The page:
As I walked him to the school bus, I gave him a little pep talk: “There’s nothing to be afraid of. Your teacher will help you. The other kids want to be your friends.” But it was of no use; as the school bus pulled up, my five-year-old son kicked and yelled and cried, writhing out of my grasp and sprinting towards home. So I manhandled him into our car, drove him to school and left him struggling against the firm arms of his teacher. But by the time I reached home again, I was crying too; we had played out this scene every morning for two weeks, and it was wearing me down.
While I’m sure that an initial fear of school is normal for many kindergarteners, our situation had the added challenge of a language barrier: everyone at Jacob’s school spoke French.
We tried pep talks and positive incentives for “practicing our new words” as well as firm words and warnings of negative consequences for misbehavior such as refusing to get on the bus. I plundered my parental toolbox until it was empty, but nothing worked this time.
So day after day, I drove him to school and left him there, screaming. What else could I do? He couldn’t stay home; I still had my own French classes to attend, details for our upcoming move to another overseas location to work out, and a toddler who needed my attention too!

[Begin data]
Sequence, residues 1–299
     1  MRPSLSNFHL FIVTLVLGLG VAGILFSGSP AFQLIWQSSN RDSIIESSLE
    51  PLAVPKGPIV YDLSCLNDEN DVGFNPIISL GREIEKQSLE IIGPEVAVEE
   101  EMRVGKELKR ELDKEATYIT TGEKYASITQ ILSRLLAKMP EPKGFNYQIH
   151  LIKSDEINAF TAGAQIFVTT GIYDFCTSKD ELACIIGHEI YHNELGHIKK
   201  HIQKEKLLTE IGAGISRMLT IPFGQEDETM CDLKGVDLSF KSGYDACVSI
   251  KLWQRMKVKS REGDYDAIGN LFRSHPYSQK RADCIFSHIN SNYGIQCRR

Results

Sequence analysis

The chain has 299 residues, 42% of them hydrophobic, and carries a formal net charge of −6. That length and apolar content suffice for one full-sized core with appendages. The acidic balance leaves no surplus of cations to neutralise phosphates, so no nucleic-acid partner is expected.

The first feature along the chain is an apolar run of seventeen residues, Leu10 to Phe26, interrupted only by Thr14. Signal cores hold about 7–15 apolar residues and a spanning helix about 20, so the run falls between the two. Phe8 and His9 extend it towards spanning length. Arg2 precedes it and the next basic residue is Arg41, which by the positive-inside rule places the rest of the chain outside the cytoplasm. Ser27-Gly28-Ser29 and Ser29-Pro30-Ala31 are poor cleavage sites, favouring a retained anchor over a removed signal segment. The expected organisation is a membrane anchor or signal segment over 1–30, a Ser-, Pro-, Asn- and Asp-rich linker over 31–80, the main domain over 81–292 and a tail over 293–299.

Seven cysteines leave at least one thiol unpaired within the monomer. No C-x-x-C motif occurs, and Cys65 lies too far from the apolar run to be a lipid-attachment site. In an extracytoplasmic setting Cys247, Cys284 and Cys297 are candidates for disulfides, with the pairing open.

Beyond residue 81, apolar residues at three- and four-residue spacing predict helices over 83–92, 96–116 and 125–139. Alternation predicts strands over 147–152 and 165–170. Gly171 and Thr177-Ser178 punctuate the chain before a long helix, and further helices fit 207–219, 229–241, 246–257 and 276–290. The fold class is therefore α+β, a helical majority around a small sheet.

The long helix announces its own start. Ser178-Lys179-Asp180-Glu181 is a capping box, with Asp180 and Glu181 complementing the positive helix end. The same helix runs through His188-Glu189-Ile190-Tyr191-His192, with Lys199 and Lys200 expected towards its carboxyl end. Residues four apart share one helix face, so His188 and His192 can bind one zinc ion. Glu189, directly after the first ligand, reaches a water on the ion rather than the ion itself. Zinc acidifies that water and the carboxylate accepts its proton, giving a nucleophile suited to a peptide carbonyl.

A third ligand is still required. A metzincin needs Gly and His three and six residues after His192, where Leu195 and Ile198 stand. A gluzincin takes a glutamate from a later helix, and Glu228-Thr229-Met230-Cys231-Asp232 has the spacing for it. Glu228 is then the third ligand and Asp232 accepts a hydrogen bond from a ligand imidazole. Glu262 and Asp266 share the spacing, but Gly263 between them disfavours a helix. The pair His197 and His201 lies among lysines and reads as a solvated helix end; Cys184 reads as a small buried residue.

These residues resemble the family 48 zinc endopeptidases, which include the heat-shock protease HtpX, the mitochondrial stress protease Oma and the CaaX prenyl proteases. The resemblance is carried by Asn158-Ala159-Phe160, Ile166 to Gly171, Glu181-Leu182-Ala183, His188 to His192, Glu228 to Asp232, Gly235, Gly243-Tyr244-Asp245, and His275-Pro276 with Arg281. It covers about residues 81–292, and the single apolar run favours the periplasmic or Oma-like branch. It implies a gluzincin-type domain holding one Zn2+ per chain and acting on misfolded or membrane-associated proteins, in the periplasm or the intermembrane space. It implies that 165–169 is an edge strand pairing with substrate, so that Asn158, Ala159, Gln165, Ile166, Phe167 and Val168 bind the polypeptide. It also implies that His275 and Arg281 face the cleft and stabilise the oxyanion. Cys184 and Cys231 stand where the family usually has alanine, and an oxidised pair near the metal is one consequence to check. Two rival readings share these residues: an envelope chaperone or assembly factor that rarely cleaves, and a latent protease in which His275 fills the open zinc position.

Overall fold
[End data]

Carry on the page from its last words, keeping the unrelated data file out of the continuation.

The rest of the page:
I shared my struggle with some other moms here at our language school in Quebec. While I appreciated their advice, their tips didn’t seem to work on my child. But we did pray together. And pray again. And then we prayed some more. And I slowly felt my burden lighten, as my sisters in Christ shared it with me, and we handed it over together to Jesus, time and again.
Turns out, there was no quick fix for Jacob’s fears. He struggled with going to school for months. But now? I don’t even try to walk him to the bus stop––he’s way too fast for me, as he runs to meet his friends! And I thank the Lord for teaching me a thing or two about sisterhood, and asking for help, and the value of regular times of prayer with our fellow students. Those tools are now sitting pretty at the top of my toolbox, ready to be quickly grasped when my next mothering challenge comes along!
Liz, I agonized, and struggled and cried with you as I read this. My heart was torn. While the specifics are a bit different, I can truly say ‘I’ve been there’ at different times with my 4 kids when they were younger. Thanks for sharing your heart. Thanks for keeping your heart open to God, and to your Sisters in Christ. That’s such an important tool as you prepare for Haiti. It was one of my most-used tools while we lived there. Without it, i couldn’t have been there.
Liz, this totally wrenched my heart. I can’t imagine the stress you were under. Life will throw stressful things at us at any time. It’s so good to have made it to “the other side” in this situation to know that God will indeed take care of you and answer your call for help. Sending love…
Thanks for the encouragement, Barb and Sylvia! It is indeed good to be on the other side of that struggle… even as I acknowledge that harder challenges are probably coming my way over the next year .. Haiti is just 4 months away now! Praying already for good transitions for our family, especially the kids.